Birmingham & Black Country

Campaign to restore Dudley's Churchill mural

Media playback is unsupported on your device
Media captionThe mural was taken down in the early 1990s after being damaged by weather and vandalism

A campaign has been started to restore a huge glass memorial to Winston Churchill in Dudley town centre.

The tribute to the former prime minister, originally unveiled in 1969, is made of 17 stained glass panels.

It was taken down in the early 1990s after being damaged by weather and vandalism.

Dudley MP Ian Austin, who is leading the campaign, said he was aiming for it to be restored for 2015 to mark 50 years since Churchill's death.

The glass panels on the memorial, designed by artist Edward Bainbridge Copnall, have been stored at Himley Hall ever since they were taken down.

Mr Austin said new techniques developed in the past few decades meant the problems that "dogged the mural first time round can be overcome".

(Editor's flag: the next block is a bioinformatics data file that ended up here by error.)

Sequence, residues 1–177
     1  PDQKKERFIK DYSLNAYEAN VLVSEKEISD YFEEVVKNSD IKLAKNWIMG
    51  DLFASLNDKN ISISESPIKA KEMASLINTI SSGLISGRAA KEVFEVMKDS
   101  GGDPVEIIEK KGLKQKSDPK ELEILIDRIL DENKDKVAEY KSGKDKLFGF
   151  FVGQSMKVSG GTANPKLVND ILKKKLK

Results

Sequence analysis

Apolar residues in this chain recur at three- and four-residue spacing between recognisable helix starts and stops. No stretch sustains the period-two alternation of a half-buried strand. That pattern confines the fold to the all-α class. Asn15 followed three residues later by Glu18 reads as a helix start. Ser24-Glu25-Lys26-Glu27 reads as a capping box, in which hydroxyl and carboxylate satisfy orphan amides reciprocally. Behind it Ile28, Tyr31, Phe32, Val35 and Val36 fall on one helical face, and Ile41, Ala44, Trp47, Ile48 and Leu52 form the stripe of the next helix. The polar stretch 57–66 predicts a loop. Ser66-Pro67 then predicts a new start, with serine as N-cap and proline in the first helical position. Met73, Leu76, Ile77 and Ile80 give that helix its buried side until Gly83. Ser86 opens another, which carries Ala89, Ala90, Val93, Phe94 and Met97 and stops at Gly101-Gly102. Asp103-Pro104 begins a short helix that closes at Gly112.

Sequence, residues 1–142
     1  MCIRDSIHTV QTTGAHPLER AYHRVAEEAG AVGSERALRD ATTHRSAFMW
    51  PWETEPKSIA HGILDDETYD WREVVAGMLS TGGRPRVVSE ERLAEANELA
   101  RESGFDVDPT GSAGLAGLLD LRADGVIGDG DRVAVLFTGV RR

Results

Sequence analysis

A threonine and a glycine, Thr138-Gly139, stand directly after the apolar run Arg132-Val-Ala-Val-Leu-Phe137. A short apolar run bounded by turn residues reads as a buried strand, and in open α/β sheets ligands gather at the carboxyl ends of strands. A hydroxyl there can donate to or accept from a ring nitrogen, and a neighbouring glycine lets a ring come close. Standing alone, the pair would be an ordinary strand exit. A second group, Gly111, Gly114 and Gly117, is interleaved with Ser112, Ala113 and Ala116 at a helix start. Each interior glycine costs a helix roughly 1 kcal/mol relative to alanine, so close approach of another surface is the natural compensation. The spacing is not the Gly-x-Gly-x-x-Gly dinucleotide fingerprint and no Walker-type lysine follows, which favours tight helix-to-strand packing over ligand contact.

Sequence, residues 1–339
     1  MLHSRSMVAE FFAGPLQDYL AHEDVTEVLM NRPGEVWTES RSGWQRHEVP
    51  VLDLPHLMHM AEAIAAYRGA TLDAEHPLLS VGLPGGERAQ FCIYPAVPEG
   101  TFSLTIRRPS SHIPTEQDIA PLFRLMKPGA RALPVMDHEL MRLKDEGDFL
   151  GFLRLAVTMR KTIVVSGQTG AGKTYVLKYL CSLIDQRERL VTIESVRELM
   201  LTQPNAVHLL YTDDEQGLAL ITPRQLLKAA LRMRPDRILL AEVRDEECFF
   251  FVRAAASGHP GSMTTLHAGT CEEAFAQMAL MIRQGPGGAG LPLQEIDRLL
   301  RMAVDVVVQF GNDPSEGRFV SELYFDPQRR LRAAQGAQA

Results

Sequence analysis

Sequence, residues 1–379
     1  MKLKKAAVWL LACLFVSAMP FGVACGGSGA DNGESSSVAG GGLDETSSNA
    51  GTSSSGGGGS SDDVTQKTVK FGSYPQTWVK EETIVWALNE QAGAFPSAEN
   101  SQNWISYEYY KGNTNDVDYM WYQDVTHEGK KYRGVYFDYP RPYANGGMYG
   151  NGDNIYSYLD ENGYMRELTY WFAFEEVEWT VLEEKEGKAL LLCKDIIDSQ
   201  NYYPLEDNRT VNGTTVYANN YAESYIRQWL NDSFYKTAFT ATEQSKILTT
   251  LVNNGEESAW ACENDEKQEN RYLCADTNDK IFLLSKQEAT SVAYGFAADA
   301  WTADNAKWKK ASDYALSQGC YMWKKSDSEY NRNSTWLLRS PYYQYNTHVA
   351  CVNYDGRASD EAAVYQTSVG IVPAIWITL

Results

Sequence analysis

'Magnificent memorial'

He said he was hoping to work with local experts, council officials and Dudley's residents to find ways to restore the memorial, which stood over the town's Churchill Precinct, and find funding for the project.

He said: "No-one who grew up in Dudley could forget the magnificent memorial to Winston Churchill.

"I can't remember the number of times I stood under the panels but I'll never forget the impact they had on me. The memorial made me understand how Churchill inspired the British people not just to fight Britain's liberty, but for the world's freedom too."

Tracy Wood, Dudley Council's cabinet member for culture, said the authority would be assessing the condition of the glass and would speak to Mr Austin about the possibility of restoring the memorial.

Around the BBC

Related Internet links

The BBC is not responsible for the content of external Internet sites